However, of all his articles, the one that earned him death threats was "Into the Endzone for a Touchdown", an exploration via psychoanalysis of what he contended was the homoerotic subtext inherent in the terminology and rituals surrounding American football. In 1980, Dundes was invited to give the presidential address at the American Folklore Society annual meeting. His presentation, later published as a monograph titled "Life is Like a Chicken Coop Ladder", uses folkspeech, customs, material culture, and so forth seeking to demonstrate an anal-erotic fixation of German national character. Reaction to this paper was incredibly strong and because of it, Dundes declined to attend the AFS annual meeting for the next 20 years. When he finally did attend again, in 2004, he again gave a plenary address, this time taking his fellow Folklorists to task for being weak on theory. In his opinion, the presentation of data, no matter how thorough, is useless without the development and application of theory to that data. It is not enough to simply collect, one must do something with what one has collected. In 2012, Linguist Anatol Stefanowitsch credited Dundes with having given rise to a still prevalent "stereotype about Germany as a culture enamored with excretion", but called his monograph "unstructured, poorly argued and flimsily sourced" and "methodologically flawed because he only looked for evidence supporting his theory, and not – as even a folklorist should – for evidence against his theory".


Dundes attended Yale University, where he studied English and met his wife Carolyn. Sure that he would be drafted upon completion of his studies, Dundes joined the ROTC and trained to become a naval communications officer. When it turned out that the ship he was to be posted to, stationed in the Bay of Naples, already had a communications officer, Dundes asked what else that ship might need, not wanting to give up such a choice assignment. He then spent two years maintaining artillery guns on a ship in the Mediterranean. Upon completion of his Service, Dundes attended Indiana University to pursue a Ph.D in folklore. At Indiana, he studied under the Father of American Folklore, Richard Dorson. He quickly established himself as a force to be reckoned with in the field of folkloristics. He completed his degree very quickly and went on to a teaching position at the University of Kansas where he stayed for only a year before being offered a position in the University of California, Berkeley anthropology department teaching folklore. Dundes held this position for 42 years, until his death in 2005.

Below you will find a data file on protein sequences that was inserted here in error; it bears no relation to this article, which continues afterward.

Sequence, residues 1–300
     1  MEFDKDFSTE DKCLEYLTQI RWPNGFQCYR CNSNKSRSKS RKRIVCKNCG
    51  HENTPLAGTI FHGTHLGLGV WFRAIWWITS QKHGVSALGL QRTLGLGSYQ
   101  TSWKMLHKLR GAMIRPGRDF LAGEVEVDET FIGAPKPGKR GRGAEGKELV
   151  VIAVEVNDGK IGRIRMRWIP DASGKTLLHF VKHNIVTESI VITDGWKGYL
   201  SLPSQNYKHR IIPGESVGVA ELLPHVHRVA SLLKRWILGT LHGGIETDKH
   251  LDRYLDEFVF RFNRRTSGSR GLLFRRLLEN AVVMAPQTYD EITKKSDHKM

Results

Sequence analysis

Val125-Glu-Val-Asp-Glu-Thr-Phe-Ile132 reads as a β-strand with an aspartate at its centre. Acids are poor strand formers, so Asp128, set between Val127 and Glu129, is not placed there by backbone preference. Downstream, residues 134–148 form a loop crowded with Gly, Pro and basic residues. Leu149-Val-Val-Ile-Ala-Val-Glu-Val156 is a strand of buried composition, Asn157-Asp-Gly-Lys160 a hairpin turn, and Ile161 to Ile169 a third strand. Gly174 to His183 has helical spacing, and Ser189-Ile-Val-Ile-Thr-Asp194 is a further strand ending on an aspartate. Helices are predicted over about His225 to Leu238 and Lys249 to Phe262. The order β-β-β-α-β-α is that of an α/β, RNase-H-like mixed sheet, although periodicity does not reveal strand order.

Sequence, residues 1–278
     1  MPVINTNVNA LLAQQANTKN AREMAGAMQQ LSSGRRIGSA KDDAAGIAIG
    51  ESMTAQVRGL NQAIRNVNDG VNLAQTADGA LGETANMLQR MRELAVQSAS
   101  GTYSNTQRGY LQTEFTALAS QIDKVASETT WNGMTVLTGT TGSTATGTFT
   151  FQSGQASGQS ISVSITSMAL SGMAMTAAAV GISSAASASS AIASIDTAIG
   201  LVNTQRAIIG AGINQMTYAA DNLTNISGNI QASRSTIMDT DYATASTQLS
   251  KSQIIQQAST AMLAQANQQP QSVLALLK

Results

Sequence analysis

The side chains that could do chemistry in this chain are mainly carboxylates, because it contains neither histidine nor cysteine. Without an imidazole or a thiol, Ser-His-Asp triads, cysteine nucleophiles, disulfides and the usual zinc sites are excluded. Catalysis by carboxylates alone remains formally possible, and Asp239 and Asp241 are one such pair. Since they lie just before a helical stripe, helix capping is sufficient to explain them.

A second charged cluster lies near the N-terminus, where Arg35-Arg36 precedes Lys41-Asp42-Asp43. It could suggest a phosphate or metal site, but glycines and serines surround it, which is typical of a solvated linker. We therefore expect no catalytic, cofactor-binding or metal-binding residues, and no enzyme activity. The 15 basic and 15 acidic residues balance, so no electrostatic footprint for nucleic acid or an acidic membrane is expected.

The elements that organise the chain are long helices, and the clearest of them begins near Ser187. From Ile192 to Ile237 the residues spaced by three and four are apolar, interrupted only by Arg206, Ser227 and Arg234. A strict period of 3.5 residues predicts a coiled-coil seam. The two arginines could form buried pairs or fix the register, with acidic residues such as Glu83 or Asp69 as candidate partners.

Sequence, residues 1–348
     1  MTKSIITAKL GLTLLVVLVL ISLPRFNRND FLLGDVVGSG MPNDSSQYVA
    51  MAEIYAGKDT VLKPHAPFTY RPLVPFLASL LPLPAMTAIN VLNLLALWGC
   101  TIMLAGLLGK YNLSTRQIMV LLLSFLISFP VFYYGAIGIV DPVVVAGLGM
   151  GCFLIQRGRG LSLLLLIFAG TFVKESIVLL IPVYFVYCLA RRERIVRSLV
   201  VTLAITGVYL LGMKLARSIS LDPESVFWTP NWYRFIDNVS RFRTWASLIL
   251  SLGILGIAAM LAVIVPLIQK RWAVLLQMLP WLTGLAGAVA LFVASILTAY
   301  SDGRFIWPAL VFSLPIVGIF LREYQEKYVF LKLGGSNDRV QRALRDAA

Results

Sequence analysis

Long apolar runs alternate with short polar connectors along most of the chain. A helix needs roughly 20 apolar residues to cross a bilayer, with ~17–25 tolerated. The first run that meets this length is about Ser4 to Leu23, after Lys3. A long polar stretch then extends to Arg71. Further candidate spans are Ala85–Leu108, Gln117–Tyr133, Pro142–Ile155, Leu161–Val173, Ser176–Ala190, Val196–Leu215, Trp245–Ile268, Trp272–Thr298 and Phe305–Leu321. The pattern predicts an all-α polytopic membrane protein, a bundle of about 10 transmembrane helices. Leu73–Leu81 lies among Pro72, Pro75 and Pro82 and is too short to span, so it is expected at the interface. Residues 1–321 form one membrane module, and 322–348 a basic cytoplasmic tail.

According to Dundes, folkloristic work will probably continue to be important in the Future. Dundes writes, “folklore is a universal: there has always been folklore and in all likelihood there will always be folklore. As long as humans interact and in the course of so doing employ traditional forms of communication, Folklorists will continue to have golden opportunities to study folklore” (Devolutionary Premise, 19). According to folklorist william A. Wilson, “the study of folklore, therefore, is not just a pleasant pastime useful primarily for whiling away idle moments. Rather, it is centrally and crucially important in our attempts to understand our own behavior and that of our fellow human beings" (2006, 203).